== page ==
The sad tale of 10 budding cooks with just a handful of utensils and no kitchen, direction or recipes in sight has found a happy ending in Kelso.
It came about with an offer of help from Cheviot Youth’s Kelso Youth Project Cooking for the Commonwealth project.
The six-week scheme starts today (Thursday) and ‘visits’ six Commonwealth countries, cooking and sampling a range of fish, meat and vegetarian dishes.
The course includes quizzes, music and an exchange of Commonwealth facts, and, at its conclusion, there will be a pop-up restaurant to run. This restaurant, Kelso’s first, will open and close on Commonwealth Day (March 9) and will serve three dishes taken from the course, with dessert and refreshments, to 35 older people at the home of Kelso Youth Project – The Planet.
The culinary journey these budding young chefs will take will see them ‘travel’ from Singapore, cooking steamed fish with noodles; then on to South Africa for the spicy, fruity mince dish that is ‘Bobotie’, finishing with a Jamaican goat curry with rice and peas, while also heading to and cooking dishes from India, Malta and Canada.
The aims of the lottery-funded project are to offer young people not in employment, education or training a set of skills to help and strengthen personal and social skills, while increasing confidence and motivation and, ultimately, lead to further training or employment. This is the first time Cheviot Youth has worked with Galashiels Works, which offers young people aged 16 to 25 years a 10-week course preparing them for employment through support, course work, volunteering opportunities and placements.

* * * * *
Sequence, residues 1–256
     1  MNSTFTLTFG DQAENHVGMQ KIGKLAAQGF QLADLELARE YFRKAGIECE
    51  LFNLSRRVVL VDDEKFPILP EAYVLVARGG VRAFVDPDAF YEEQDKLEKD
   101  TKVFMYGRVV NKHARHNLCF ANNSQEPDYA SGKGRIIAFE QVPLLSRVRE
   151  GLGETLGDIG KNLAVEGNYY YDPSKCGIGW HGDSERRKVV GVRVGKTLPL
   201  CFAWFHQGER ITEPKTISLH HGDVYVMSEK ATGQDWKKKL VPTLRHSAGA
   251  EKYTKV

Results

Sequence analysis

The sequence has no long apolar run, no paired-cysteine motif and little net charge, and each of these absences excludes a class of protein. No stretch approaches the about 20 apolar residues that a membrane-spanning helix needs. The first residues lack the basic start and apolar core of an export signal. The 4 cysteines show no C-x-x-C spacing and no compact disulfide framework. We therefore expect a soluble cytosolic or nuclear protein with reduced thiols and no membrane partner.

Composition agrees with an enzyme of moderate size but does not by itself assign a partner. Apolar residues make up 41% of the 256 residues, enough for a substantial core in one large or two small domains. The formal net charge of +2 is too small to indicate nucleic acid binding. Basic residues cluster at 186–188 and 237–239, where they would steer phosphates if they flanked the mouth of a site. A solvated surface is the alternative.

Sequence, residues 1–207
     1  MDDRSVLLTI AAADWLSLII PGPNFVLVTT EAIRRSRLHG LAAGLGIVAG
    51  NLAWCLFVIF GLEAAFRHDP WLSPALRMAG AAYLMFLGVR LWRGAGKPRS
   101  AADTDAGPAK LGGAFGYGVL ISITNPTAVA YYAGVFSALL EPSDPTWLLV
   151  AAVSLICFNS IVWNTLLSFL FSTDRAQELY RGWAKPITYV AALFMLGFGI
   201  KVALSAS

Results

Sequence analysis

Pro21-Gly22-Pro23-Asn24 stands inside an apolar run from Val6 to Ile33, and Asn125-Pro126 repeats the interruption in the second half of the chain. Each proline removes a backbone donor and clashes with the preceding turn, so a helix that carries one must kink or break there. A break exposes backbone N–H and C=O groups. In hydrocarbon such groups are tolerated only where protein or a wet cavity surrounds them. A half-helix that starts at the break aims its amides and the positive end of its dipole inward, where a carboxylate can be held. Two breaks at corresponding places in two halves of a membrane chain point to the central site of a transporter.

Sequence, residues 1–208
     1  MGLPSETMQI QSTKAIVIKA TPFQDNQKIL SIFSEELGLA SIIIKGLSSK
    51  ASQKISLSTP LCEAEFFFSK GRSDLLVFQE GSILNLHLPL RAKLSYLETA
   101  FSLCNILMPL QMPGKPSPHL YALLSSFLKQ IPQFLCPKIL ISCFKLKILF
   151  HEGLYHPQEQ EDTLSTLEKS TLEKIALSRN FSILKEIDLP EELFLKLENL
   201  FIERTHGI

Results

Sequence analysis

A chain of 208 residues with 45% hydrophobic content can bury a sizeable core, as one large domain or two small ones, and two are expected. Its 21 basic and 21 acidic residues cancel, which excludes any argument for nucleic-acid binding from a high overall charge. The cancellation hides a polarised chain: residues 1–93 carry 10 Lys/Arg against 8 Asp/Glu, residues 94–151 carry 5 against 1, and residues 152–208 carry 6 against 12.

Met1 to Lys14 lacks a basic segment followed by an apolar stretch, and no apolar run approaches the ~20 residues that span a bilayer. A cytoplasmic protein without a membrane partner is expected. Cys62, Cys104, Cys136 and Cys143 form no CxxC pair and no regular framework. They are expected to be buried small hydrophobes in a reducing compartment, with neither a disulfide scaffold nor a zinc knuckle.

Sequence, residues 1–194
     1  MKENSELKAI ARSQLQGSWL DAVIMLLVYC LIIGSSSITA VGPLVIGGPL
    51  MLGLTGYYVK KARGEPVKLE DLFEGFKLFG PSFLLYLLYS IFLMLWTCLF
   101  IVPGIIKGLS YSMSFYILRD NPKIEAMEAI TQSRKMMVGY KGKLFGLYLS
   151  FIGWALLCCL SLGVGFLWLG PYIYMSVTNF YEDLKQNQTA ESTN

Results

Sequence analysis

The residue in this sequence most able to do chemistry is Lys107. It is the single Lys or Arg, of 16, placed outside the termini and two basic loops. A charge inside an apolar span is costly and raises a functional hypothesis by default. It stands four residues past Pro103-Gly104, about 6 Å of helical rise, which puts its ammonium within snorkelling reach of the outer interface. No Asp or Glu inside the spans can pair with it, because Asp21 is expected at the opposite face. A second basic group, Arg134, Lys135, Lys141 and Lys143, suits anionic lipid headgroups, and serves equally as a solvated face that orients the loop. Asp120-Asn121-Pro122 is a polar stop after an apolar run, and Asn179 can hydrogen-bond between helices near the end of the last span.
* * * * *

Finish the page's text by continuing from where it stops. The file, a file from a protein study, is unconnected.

Cheviot Youth manager Ian Rendall Reid is delighted to be working with Galashiels Works and helping young people access the Cooking for the Commonwealth project.
“Both myself and Mark Timmins, manager of Galashiels Works, believe the experience gained and skills learnt through this particular project will greatly benefit participants,” he said.
The young people, by being introduced to various cooking styles and techniques, will be encouraged to think of others both in Kelso and the wider Commonwealth family.
And after the meal has been cooked, eaten and the dishes all tidied away, the guests and their cooks, plus front-of-house staff, will enjoy a specially-commissioned musical programme from local singers and musicians.
David Harvey, chair of Cheviot Youth, added: “We hope this course will be an inspiration to other groups in the Borders and beyond to get out their pots and pans and start cooking.”